by Dr. Will Cole
After a long cold dreary winter, few things feel better than warm sunshine, longer lazier days, and the relaxed, cheerful, kick-back attitude that comes with summertime. As a functional medicine practitioner who often consults via webcam, I see this summer-loving attitude no matter where my patients live. But is it just a mood change, or are there actual, physiological benefits to the sunnier season? Actually, there really is science behind the benefits of summer. Let’s take a look:
1. Sunlight cheers you up.
Shorter, darker fall and winter days can lead to SAD or seasonal affective disorder, a condition that affects about 6 percent of people severely, causing depression, and about 20 percent more mildly. SAD is four times more common in women, but fortunately it is alleviated by longer, sunnier days, come spring and summer. One mechanism for this is the brain’s ability to produce more serotonin, that feel-good neurotransmitter, with increased exposure to sunlight. Full-spectrum lights can treat SAD during wintertime – ask your doctor about getting a prescription for these lights.
2. Seasonal food boosts your mood.
All the best fruits and vegetables are fresh, ripe, and ready to eat during the warmer months and are much more likely to be available locally, through farmers markets and local farms or your very own backyard or porch garden. That means people tend to eat more produce in the summer, and therefore get more vitamins, minerals, and other phytonutrients that boost immune function and mood.
3. The sunshine vitamin feeds your brain.
When your skin is exposed to sun, it starts synthesizing good ol’ vitamin D, the sunshine vitamin, which is responsible for the proper workings of hundreds of different pathways that control your mood, immune system, and brain function. Every single cell of your body needs vitamin D to do its best work, and there is no better time to bask in that vitamin producing sunshine than in the summer.
4. Nature calls.
Nature heals, and that’s a fact. When it’s cold, people spend more time inside – another fact. But nature calls, and when you answer that call, you will feel better. One study published in the Proceedings of the National Academy of Sciences, demonstrated that when a group of people walked for 90 minutes in nature they reported fewer negative thoughts compared to the group who walked in the city. Functional MRI brain scans also revealed that the nature walkers had less activity in the subgenual prefrontal cortex, an area of the brain that plays a role in mood disorders and negative thoughts than the city walkers. So city folk, look for a park!
5. Fresh air fights viruses.
Poorly ventilated rooms are more likely to foster the cold virus, which also tends to spread more during colder months. Other studies from the NIH found that the flu virus actually became tougher during winter.
6. More sun means better sleep.
The presence and absence of sunlight talks to your brain’s pineal gland, telling it to slow down the production of that sleepy-time hormone melatonin when it’s light, and increase production when it’s dark. When the dark hours are longer, and you are outside in the sunlight less often, it can be harder to wake up in the morning, and you may feel sleepier during the day. This can also leave you with less melatonin production at night, reducing sleep quality because your pineal gland isn’t getting those natural signals.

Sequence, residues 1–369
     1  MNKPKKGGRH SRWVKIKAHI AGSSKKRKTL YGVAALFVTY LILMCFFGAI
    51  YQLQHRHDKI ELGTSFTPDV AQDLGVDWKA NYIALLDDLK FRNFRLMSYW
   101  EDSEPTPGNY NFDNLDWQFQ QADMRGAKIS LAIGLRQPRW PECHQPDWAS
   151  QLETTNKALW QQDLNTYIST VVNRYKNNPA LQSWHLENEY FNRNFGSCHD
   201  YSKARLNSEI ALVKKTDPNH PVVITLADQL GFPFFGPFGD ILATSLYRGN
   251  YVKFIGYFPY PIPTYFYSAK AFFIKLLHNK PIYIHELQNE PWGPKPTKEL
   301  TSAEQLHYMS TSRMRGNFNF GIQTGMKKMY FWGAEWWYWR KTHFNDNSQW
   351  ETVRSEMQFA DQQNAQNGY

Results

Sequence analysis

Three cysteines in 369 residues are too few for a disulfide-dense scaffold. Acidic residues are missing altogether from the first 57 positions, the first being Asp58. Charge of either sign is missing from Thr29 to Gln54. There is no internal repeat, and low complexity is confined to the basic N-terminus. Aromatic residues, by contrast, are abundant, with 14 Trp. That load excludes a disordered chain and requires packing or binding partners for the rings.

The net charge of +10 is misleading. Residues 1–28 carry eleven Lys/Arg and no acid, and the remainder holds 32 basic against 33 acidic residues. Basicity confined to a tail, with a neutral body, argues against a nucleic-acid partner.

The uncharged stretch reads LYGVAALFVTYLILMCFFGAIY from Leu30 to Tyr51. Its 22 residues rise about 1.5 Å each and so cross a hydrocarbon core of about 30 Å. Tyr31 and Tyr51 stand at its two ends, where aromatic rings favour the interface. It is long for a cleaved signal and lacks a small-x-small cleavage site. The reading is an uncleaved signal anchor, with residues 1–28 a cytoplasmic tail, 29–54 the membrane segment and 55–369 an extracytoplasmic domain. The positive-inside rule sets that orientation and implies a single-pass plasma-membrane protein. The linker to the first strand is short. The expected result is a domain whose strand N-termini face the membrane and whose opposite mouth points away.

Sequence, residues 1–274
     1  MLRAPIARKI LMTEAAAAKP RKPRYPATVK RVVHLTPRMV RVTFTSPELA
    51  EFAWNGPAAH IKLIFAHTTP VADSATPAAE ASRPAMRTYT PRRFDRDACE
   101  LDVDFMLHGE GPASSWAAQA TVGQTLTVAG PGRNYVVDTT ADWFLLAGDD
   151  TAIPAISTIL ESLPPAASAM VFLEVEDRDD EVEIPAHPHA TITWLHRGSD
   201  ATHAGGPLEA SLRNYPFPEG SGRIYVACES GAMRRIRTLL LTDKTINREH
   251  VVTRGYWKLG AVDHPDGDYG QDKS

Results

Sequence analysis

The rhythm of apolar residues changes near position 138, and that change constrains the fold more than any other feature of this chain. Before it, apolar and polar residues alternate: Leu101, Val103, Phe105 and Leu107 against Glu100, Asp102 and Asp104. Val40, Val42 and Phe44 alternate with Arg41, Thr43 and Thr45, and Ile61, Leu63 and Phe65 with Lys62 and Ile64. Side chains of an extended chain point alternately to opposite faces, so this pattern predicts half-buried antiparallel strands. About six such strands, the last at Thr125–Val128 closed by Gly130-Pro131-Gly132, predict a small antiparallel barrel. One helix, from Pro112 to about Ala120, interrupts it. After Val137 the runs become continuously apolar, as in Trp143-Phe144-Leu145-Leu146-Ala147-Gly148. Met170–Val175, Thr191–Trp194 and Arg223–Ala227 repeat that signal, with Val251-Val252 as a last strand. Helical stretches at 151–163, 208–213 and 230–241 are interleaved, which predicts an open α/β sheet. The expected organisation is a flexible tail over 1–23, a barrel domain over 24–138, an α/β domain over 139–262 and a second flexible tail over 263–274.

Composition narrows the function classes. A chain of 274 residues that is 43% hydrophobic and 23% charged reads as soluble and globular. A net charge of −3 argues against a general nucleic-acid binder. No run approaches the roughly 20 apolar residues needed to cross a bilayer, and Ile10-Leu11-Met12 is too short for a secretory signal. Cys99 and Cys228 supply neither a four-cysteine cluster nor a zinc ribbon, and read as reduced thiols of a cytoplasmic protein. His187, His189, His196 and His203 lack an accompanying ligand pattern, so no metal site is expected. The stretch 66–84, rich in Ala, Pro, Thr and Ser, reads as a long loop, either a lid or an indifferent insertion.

7. Genes adjust to the seasons.
About 25% of your DNA actually changes with the seasons, according to one fascinating study published in the scientific journal Nature. The study found that during the winter months, DNA changes seemed to be geared toward preparing for increased exposure to viruses. In the summer, different sets of genes were turned on that were more geared toward blood sugar balance, perhaps in anticipation of all that delicious summer produce. This summer change helps calm cravings and burn off winter fat, too.
8. Sun chills out over-reactive immune responses.
Sunlight is sometimes used to treat auotimmune diseases of the skin, like psoriasis, because sun exposure can actually help suppress an overactive immune system. This may be because sun exposure increases white blood cells, which help fight disease and defend the body against infection.
Since you can’t stop winter from coming, does all this summer awesomeness mean you should move to a warm climate for an everlasting summer? Don’t get that one-way ticket to the tropics just yet. One study found that people were no happier in southern California than in the cold, cloudy, snowy, rainy Midwest, even though Midwesterners complained more about the weather.
Other studies point to the fact that while suicide rates are higher in the Arctic circle, they are actually even higher in warmer South Korea than in icy Scandinavian countries. Speaking of Scandinavians, they are listed as some of the happiest people in the world, despite their gloomy cold weather, comparatively. Must be all the hygge. Another factor may be the genetics of different populations, which could impact such biochemical functions as vitamin D metabolism. Another thing to consider is the diet of very happy people who live in colder, cloudier parts of the world, as traditional diets consist of a lot of wild-caught fatty fish – rich in vitamin D.
So do the seasons play a role in your mood, energy, and health? Absolutely, but they are far from the only factor, and are not nearly as important as dietary choices, activity level, family and social bonds, and attitude.
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